The last time I sat in the Yerba Buena Theatre near the Moscone Centre in San Francisco at Salesforce’s annual conference Dreamforce, was to hear David Beckham having a fireside chat with the then UK managing director for the supplier, Jayne-Anne Gadhia. And an enjoyable and charming conversation it was, too. Beckham was speaking on the same day as Barack Obama, who had said he never acted as if he were the “smartest guy in the room”, but instead endeavoured to “orchestrate the conversation”. Becks confirmed that he is never the smartest guy in the room, especially if his children are there in the room with him.
That was in 2019, in the Before Times.
This time around, was less than a week since Beckham had queued up to pay his respects to Queen Elizabeth I of Scotland and II of England (this is my only chance to write that, okay?). It was also in the same week that we lost our most important novelist, Hilary Mantel, whose Wolf Hall trilogy traces the eventual fall of Thomas Cromwell, executed by Elizabeth’s ancestor, Henry VIII – a terrible king.
And this time, it was to hear Irish rock star Bono being gently grilled by Marc Benioff, founder and co-CEO of CRM in the cloud slinger Salesforce.
Bono is no stranger to Dreamforce, or indeed to Benioff, who is clearly a good friend. U2 played Dreamfest, the conference concert, in 2018. They have collaborated on Bono’s anti-HIV and AIDS charity, (Red). In the fireside chat, he said “if you work for Saleforce, you are an AIDS activist”.
The ostensible topic of the conversation was Bono’s memoir, Surrender. The subtitle is “40 songs, One Story”, though he quipped that he considered “tall tales from a short rock star”, as an alternative. The memoir includes an account of the sudden death of the Dubliner’s mother, at his grandfather’s funeral, when he was 14, and Benioff probed him on that as a taproot of his music.
In the course of the conversation, Bono said he knew he shared with Benioff the capacity to see “the divine in the destitute”. This is a Judeo-Christian theological precept. The Romans would never have seen the divine in the destitute. This observation I owe to Tom Holland, especially in the Crucifixion episode of the excellent podcast “The Rest is History”.
Now, unfortunately, the streets of San Francisco are notoriously strewn with the bodies of homeless and distressed people. That is what a feral capitalist society with no safety net looks like. Benioff’s philanthropy – which is extensive, laudable, and generous – is something for which there should be less need. The small, broadly social democratic Scandinavian societies offer an alternative, and frankly better model to that of the US; and there are some flashes of that in western Europe more generally – even, residually, in the UK.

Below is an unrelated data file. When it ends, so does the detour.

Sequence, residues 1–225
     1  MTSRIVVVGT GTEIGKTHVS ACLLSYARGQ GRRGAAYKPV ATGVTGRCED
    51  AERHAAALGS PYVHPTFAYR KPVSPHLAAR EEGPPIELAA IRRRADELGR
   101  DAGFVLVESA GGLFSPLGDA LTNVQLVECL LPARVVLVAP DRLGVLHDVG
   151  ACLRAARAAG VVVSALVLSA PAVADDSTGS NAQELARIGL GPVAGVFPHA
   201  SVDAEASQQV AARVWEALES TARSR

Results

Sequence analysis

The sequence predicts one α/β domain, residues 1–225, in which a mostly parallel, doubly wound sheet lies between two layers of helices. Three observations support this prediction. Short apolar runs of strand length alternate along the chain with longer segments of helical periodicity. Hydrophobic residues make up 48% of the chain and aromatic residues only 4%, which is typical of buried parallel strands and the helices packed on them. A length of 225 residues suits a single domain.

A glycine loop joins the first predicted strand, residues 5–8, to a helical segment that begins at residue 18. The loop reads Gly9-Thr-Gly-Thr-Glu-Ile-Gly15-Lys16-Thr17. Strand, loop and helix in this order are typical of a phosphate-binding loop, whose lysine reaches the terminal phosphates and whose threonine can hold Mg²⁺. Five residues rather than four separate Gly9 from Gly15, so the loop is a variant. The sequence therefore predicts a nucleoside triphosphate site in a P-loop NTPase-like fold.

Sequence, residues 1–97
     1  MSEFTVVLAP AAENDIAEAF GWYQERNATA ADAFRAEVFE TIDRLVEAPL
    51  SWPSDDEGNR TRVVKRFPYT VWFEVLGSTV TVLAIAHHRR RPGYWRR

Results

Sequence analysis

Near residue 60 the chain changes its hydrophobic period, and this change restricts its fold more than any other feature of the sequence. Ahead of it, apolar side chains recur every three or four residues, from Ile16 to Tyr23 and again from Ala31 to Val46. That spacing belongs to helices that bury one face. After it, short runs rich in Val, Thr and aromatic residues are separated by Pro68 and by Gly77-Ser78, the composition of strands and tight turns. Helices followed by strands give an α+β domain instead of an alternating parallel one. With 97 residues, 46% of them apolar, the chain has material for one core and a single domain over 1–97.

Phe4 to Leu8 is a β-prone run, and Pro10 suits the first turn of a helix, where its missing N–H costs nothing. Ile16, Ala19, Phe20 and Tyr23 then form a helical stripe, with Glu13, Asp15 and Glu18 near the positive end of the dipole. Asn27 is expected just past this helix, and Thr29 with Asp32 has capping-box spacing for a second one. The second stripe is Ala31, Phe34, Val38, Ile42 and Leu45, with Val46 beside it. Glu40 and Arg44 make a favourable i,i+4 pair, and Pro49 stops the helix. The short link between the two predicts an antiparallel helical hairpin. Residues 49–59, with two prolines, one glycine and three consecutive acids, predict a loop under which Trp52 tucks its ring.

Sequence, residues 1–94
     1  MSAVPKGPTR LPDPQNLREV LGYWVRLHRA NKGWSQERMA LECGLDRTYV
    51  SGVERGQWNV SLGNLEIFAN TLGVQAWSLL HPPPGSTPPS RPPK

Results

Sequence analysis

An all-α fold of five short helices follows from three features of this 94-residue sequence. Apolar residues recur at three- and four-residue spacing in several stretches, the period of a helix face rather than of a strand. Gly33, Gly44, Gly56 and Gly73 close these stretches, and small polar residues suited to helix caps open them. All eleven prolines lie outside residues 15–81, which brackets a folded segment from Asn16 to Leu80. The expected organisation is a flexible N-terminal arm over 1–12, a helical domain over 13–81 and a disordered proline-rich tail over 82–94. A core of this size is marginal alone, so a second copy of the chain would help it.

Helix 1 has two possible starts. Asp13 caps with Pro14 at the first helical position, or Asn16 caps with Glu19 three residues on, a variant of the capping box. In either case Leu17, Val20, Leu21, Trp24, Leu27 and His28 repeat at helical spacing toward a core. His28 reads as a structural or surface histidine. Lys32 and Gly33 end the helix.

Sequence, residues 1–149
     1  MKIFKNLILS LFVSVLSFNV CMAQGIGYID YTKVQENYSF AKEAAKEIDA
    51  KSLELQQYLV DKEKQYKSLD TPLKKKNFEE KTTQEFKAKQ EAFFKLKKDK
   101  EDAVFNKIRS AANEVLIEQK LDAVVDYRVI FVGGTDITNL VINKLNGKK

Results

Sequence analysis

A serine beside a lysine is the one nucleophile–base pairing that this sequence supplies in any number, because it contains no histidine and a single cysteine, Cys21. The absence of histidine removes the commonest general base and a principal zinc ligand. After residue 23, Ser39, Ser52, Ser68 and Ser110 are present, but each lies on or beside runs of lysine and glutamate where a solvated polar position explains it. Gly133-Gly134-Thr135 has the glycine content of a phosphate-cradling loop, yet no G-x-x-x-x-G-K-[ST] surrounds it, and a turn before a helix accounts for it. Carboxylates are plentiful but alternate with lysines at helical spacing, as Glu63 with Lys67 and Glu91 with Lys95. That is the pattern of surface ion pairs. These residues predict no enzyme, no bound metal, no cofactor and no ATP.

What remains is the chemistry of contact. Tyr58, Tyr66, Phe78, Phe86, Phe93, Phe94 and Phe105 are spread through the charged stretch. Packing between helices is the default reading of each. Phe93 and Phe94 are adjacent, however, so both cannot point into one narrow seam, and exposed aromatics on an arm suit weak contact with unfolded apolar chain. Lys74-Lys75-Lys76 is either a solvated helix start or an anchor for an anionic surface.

Nevertheless, Bono’s comment that “seeing the divinity in somebody who is sleeping in the doorway, as you’re stepping over them to go into your office is something to hold on to” feels right, as does his related comment, “seeing divinity in the natural world, this sort of ecosystem that keeps us all alive, I’m starting to understand that more and more”.
One of his big messages was not to write off people who you might assume are against you. He referred to his father’s animus towards narrow and sectarian Irish nationalism and said: “I was always suspicious, maybe because of my father, of the left and the right. I was always interested in the radical centre. That’s where I was coming from. And the [value of the] Yeats poem [‘The Second Coming’] that has the lines ‘Things fall apart; the centre cannot hold;/ Mere anarchy is loosed upon the world’. So, I think that I do sense and try to listen to myself and to others. Working with President [George W.] Bush was amazing, you know, a conservative. The idea that conservative people didn’t care about people with HIV/AIDS – I don’t believe that’.
Towards the end of the conversation with Benioff he added: “I’m working to make peace with myself and my maker. I’m not making peace with the world. The world is it is to be resisted at times, and this is one of those times.
“You are doing an amazing job locally and globally. And I love that people who come to work for Salesforce can be absolute fuckers. But they are probably not going to get on as well as the people who are thinking about their communities and thinking about doing something useful in their communities”.
Now, it is easy (and great larks) to mock Salesforce and Dreamforce, with its meditating monks and its menagerie of mascots. And its interviews with celebrities, like David Beckham. There is chapter in Dan Lyons’ very entertaining 2016 book about his time at HubSpot, Disrupted, which does just that. Similar lampoons are legion.
However, the fact that Benioff and Bono are trying to put forth and put into action a humanitarian ethos is undeniably impressive. Bono referred, in the chat, to “the Catholic priest and Franciscan Friar, Richard Rohr, who has a place out in the desert, called the Center for Action and Contemplation. I like his order, action and contemplation, not the other way around”.
And the supplier’s Trailhead online learning programme has demonstrably lifted people out of poverty and given them careers.
It’s not everything. But it’s not nothing.